Disclosure: Stephanie Cherqui is cofounder, shareholder and a member of both the scientific board and board of directors of GenStem Therapeutics Inc. The terms of this arrangement have been reviewed and approved by the University of California San Diego in accordance with its conflict of interest policies.
Scott LaFee | EurekAlert!
Unique brain 'fingerprint' can predict drug effectiveness
11.07.2018 | McGill University
Direct conversion of non-neuronal cells into nerve cells
03.07.2018 | Universitätsmedizin der Johannes Gutenberg-Universität Mainz
For the first time ever, scientists have determined the cosmic origin of highest-energy neutrinos. A research group led by IceCube scientist Elisa Resconi, spokesperson of the Collaborative Research Center SFB1258 at the Technical University of Munich (TUM), provides an important piece of evidence that the particles detected by the IceCube neutrino telescope at the South Pole originate from a galaxy four billion light-years away from Earth.
To rule out other origins with certainty, the team led by neutrino physicist Elisa Resconi from the Technical University of Munich and multi-wavelength...
For the first time a team of researchers have discovered two different phases of magnetic skyrmions in a single material. Physicists of the Technical Universities of Munich and Dresden and the University of Cologne can now better study and understand the properties of these magnetic structures, which are important for both basic research and applications.
Whirlpools are an everyday experience in a bath tub: When the water is drained a circular vortex is formed. Typically, such whirls are rather stable. Similar...
Physicists working with Roland Wester at the University of Innsbruck have investigated if and how chemical reactions can be influenced by targeted vibrational excitation of the reactants. They were able to demonstrate that excitation with a laser beam does not affect the efficiency of a chemical exchange reaction and that the excited molecular group acts only as a spectator in the reaction.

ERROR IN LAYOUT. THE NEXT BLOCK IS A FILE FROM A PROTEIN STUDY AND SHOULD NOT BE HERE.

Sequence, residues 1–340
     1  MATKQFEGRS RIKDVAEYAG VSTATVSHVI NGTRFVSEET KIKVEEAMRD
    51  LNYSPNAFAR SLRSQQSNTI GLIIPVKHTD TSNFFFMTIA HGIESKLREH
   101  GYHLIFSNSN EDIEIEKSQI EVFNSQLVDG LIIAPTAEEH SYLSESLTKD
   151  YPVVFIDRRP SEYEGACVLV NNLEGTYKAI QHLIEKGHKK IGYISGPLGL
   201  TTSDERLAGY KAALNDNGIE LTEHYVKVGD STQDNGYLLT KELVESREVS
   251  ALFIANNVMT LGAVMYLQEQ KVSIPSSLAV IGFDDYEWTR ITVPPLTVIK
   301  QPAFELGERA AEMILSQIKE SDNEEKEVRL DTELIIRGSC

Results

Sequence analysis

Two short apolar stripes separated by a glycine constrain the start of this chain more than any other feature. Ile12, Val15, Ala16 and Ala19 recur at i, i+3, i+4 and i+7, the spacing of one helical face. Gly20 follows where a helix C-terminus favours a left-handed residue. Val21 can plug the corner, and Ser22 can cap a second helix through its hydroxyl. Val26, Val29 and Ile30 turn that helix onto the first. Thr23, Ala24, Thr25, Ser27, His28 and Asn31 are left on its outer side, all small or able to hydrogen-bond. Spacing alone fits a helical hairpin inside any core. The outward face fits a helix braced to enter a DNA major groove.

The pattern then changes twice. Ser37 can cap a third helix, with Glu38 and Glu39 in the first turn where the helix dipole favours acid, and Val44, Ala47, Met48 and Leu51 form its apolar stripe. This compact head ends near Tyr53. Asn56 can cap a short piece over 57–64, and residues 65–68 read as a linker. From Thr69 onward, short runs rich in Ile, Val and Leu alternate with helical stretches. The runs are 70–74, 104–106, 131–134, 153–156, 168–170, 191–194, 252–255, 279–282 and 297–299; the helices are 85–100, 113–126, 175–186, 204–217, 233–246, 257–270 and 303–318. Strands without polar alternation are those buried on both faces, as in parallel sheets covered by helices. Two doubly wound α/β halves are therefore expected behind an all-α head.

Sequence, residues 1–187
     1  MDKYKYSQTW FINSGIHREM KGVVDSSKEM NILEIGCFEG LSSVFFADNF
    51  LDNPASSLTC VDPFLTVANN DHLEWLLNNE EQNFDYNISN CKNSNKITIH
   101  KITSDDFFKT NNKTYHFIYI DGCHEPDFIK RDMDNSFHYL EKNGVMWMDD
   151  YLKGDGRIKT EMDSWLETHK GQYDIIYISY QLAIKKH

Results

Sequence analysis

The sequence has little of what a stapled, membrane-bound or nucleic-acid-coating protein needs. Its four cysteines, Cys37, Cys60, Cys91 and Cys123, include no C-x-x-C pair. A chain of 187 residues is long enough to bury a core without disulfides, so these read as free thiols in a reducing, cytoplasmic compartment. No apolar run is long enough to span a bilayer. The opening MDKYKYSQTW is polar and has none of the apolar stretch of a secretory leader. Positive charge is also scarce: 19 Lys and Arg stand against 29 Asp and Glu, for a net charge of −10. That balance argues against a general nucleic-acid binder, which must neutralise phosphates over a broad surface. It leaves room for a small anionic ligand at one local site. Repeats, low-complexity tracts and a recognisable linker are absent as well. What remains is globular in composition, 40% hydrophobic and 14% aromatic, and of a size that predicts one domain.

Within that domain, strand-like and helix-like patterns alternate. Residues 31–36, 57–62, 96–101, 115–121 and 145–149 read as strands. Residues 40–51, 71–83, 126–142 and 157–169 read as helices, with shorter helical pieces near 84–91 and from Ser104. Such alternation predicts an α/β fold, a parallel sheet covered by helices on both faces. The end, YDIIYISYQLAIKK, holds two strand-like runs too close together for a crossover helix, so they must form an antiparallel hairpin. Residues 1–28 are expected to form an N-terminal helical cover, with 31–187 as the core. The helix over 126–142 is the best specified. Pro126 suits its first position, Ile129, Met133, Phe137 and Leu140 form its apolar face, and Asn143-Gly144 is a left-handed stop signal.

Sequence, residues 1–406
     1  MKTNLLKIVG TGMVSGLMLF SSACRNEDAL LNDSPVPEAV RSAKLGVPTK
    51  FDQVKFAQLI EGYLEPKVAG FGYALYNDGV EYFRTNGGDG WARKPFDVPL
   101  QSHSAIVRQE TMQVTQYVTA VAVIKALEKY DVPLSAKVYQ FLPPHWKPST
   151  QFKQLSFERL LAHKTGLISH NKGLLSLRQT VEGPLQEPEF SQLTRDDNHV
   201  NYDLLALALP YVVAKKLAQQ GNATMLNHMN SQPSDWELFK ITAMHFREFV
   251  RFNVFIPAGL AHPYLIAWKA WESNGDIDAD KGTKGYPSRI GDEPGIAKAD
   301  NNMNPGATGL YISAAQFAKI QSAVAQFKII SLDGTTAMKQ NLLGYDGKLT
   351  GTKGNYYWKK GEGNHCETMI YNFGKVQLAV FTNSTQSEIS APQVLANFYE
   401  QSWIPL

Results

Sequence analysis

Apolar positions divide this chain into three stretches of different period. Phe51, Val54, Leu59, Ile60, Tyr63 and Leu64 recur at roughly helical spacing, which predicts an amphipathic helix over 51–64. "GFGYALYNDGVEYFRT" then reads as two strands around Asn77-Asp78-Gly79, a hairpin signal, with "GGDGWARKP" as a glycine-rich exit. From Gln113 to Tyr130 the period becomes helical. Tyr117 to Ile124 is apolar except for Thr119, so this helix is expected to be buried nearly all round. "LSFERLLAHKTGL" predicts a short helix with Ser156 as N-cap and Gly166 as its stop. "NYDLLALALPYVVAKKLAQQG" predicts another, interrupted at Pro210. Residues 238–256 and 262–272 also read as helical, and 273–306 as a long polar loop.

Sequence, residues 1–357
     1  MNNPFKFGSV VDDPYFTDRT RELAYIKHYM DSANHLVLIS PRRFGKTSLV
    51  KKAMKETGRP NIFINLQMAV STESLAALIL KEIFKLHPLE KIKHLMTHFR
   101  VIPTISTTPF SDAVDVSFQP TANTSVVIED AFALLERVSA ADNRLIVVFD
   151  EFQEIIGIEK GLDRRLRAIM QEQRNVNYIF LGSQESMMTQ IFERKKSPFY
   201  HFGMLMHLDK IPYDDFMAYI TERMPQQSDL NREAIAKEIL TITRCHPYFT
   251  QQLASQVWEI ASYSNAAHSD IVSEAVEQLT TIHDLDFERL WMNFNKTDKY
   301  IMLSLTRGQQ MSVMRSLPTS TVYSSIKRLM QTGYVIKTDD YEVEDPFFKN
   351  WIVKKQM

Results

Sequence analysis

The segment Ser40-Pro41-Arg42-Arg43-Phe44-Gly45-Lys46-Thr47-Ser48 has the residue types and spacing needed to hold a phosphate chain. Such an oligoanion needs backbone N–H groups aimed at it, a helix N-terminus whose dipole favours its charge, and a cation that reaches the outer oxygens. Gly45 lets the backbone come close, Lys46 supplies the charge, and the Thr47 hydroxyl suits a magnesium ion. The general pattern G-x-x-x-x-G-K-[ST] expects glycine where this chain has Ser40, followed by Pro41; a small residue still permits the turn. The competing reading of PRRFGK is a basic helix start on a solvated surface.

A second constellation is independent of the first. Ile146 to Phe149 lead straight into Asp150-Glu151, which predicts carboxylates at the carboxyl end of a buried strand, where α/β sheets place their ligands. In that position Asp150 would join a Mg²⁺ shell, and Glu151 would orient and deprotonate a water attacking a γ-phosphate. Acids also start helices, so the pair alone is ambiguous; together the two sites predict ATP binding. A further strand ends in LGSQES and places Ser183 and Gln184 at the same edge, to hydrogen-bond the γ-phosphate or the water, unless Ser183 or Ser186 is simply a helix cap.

A frequently used reaction in organic chemistry is nucleophilic substitution. It plays, for example, an important role in in the synthesis of new chemical...
Optical spectroscopy allows investigating the energy structure and dynamic properties of complex quantum systems. Researchers from the University of Würzburg present two new approaches of coherent two-dimensional spectroscopy.
"Put an excitation into the system and observe how it evolves." According to physicist Professor Tobias Brixner, this is the credo of optical spectroscopy....
Ultra-short, high-intensity X-ray flashes open the door to the foundations of chemical reactions. Free-electron lasers generate these kinds of pulses, but there is a catch: the pulses vary in duration and energy. An international research team has now presented a solution: Using a ring of 16 detectors and a circularly polarized laser beam, they can determine both factors with attosecond accuracy.
Free-electron lasers (FELs) generate extremely short and intense X-ray flashes. Researchers can use these flashes to resolve structures with diameters on the...
13.07.2018 | Event News
12.07.2018 | Event News
03.07.2018 | Event News
17.07.2018 | Life Sciences
17.07.2018 | Information Technology
17.07.2018 | Power and Electrical Engineering